Welcome to part four of 500 Level Fan’s season preview series. Today’s focus is on the AL West.
Past Five Champions
2017 – Houston
2016 – Texas
2015 – Texas
2014 – Los Angeles
2013 – Oakland
Average Wins of Past Five Champions: 95.6
Mike Trout, LA Angels
Last season Trout led the AL with a .442 OBP, .629 Slugging Percentage, and 1.071 OPS, finished in the top-10 in WAR, Offensive WAR, Batting Average, and Walks, and for good measure hit 33 HR and stole 22 bases. It was enough to earn his sixth straight All-Star appearance and a fourth place finish in MVP balloting. And do you want to know what’s so crazy about those stats? He accomplished all of that in only 114 games! That’s right – Trout missed over a quarter of the season after tearing a ligament in his thumb in late May, yet still put up numbers that were better than most players over the course of a full season. The legend grows.
Justin Verlander, Houston Astros
Talk about making an impact. Verlander was acquired by the Astros at literally the last second before the August 31 trade deadline last season, and wasted no time laying waste to the AL West. He made five starts down the stretch and went 5-0 with a 1.06 ERA, 0.647 WHIP, and a 43:5 K:BB ratio. Then in the playoffs he pitched 36.2 innings over five starts and one relief appearance and went 4-1 with a 2.24 ERA, 0.829 WHIP, and 38:8 K:BB ratio. For his efforts he was awarded the ALCS MVP, a 5th place finish in AL Cy Young voting, and his first World Series victory. Remember when everybody thought he was slowing down? Yeah, me neither.
Three Storylines For 2018
1. Houston – As Elite As They Come
So what does a team that won its first World Series championship, won 101 games, took the division by a mind-boggling 21 games, and essentially had a playoff spot clinched by the All-Star break do for an encore? If you answered “somehow get better” you win! Houston already possessed one of the best lineups and rotations in all of baseball, then they went out and acquired Pirate ace Gerrit Cole to slot in as their #3 starter. You read that right – the #3 starter! Add to that a full season from Verlander, a fully healthy Carlos Correa (he missed two months in 2017), a fully healthy Lance McCullers (as a #5 man!), and a fortified bullpen with the shifting of Brad Peacock back to relief. Oh – they also have the reigning MVP in Jose Altuve, and a bevy of potential future MVPs (Correa, Alex Bregman, George Springer). Talk about stacked.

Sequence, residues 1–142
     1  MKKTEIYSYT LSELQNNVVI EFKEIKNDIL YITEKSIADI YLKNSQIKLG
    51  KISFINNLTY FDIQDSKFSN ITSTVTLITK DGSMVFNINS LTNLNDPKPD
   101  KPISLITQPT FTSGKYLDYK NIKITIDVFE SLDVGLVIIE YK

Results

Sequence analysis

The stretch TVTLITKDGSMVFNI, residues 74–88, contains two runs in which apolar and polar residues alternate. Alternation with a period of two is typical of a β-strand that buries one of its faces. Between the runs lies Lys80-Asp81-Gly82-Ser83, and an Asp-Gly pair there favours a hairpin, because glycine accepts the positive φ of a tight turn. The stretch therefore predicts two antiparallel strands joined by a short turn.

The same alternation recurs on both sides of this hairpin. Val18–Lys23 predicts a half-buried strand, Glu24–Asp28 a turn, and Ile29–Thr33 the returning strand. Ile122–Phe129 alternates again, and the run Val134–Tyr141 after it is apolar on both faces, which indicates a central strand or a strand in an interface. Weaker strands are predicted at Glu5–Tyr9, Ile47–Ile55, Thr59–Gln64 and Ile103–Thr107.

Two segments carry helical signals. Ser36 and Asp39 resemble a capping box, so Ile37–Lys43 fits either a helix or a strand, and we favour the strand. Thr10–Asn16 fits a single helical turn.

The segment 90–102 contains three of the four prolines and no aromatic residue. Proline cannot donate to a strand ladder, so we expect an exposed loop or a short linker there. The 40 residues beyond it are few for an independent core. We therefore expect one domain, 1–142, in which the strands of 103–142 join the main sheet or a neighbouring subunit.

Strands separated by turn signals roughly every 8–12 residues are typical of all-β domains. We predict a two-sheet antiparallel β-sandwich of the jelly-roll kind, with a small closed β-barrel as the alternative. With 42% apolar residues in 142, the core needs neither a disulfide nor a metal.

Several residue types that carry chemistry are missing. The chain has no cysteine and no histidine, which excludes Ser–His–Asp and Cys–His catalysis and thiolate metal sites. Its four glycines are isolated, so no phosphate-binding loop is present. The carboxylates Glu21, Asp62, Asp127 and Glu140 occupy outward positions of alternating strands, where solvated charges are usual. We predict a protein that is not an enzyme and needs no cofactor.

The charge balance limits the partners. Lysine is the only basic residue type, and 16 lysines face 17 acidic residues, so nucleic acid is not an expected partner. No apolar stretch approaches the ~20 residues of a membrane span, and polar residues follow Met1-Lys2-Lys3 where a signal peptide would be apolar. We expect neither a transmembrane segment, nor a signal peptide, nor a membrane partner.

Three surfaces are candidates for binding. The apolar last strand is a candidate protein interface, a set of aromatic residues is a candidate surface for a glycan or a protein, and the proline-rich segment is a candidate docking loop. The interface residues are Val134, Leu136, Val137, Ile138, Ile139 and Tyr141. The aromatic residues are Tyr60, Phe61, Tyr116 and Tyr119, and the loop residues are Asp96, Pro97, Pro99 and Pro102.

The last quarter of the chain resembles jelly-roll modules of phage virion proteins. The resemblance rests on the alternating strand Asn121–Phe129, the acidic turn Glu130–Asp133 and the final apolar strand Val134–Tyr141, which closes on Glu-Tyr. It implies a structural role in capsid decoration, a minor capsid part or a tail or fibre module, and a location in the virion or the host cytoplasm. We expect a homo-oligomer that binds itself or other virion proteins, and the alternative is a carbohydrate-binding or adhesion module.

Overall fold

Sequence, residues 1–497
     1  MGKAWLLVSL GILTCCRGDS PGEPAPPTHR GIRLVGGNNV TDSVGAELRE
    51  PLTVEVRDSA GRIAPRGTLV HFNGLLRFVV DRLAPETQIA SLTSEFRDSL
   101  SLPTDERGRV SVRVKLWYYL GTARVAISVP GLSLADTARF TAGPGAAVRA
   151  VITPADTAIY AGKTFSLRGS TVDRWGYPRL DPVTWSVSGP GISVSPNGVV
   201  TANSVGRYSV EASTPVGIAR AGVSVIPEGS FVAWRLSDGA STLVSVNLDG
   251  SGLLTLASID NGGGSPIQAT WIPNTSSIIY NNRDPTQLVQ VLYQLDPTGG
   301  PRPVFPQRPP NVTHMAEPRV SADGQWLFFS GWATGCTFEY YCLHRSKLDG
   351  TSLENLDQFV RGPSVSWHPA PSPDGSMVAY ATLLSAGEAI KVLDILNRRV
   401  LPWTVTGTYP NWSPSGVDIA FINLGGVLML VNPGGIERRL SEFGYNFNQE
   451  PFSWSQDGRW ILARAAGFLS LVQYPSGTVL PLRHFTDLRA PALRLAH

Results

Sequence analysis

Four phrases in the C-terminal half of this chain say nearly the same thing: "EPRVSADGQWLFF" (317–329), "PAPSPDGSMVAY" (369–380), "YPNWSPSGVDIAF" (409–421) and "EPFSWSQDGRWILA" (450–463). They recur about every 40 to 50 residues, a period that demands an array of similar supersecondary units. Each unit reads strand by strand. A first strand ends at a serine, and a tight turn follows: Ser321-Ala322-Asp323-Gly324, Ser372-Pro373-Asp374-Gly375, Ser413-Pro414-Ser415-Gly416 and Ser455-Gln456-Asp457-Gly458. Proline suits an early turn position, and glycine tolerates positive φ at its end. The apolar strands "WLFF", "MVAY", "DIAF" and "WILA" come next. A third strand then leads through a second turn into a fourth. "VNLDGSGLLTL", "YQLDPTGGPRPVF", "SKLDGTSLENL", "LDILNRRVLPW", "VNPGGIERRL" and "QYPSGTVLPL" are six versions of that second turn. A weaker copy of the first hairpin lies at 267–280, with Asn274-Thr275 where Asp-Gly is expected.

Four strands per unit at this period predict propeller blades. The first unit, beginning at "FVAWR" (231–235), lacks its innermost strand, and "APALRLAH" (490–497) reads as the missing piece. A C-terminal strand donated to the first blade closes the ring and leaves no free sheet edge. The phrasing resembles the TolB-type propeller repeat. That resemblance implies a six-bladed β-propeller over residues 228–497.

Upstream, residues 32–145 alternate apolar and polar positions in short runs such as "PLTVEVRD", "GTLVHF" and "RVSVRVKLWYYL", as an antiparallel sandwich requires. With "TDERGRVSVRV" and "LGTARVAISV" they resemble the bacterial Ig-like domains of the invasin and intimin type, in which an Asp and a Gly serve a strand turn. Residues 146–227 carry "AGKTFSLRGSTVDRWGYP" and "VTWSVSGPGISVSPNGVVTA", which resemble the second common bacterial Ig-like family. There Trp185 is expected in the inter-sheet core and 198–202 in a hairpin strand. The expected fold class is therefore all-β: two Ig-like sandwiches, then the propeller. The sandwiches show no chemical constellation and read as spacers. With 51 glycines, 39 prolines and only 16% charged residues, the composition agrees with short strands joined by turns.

2. Ohtani and the Angels
When he was declared eligible for posting in late November, Shohei Ohtani instantly became perhaps the most intriguing free agent that baseball had ever seen. Whereas most Japanese players are surrounded by mystery as fans and scouts wonder how their numbers from the Japanese league will translate to MLB, Ohtani was at another level. This is a guy who posted a .942 OPS last season as a hitter (on par with Josh Donaldson and Carlos Correa) AND a 3.20 ERA as a starter (on par with Carlos Carrasco). While he was linked with all the usual suspects (Yankees, Cubs, Dodgers) in a somewhat surprising move Ohtani chose to sign with the LA Angels. That signing marked the beginning of a big offseason for LA, with Ohtani joining Ian Kinsler and Zack Cozart as new recruits. Long been accused of wasting this generation’s greatest talent (Trout has only made the playoffs once in six seasons), the Angels are hoping that a full year of Trout and Justin Upton, combined with their new players, will finally lead to October baseball.
3. Last Chance for Seattle and Texas
One team hasn’t tasted the postseason since 2001, baseball’s longest drought, while the other has reached October five times since 2010. Despite those recent differences, the Mariners and Rangers find themselves in eerily similar situations heading into 2018. Both had identical 78-84 records last year, and both have rosters littered with question marks. Seattle has an aging core led by Robinson Cano, Nelson Cruz, Kyle Seager, and Felix Hernandez, and durability concerns in their new staff ace James Paxton. Texas also has several key players on the wrong side of 30 (Adrian Beltre, Cole Hamels, Doug Fister, Tim Lincecum, Bartolo Colon), and an offense that suffered badly in ’17 (hello Rougned Odor). At the same time, however, both rosters have exciting players that could help push towards the playoffs (Dee Gordon, Jean Segura, Edwin Diaz i n Seattle; Nomar Mazara, Elvis Andrus, Joey Gallo in Texas). Will either team break through?
The 2017 Los Angeles Angels scored 710 runs, the fifth lowest total in the AL and only 17 more than last place Toronto. Nowhere was their offensive ineptitude more apparent than at second and third base. LA’s second basemen (predominantly Cliff Pennington and Danny Espinosa) posted an OPS of .601, the worst mark in the AL. Their third basemen (Yunel Escobar and Luis Valbuena) weren’t much better with a .713 OPS, second worst in the AL. Combined, the Angels 2B and 3B put up a .660 OPS, 103 points below the American League average of .763. In an attempt to rectify that, LA acquired Ian Kinsler (.725 OPS in ’17) to play second and Zack Cozart (.933 OPS in ’17) to play third. That is a combined OPS of .818, a whopping 158 point improvement. Add that to full years from Trout and Upton, along with whatever Ohtani brings, and the Angels should be much improved offensively.
Who Should Win
Who Will Win
Find out in my season prediction column at the end of March.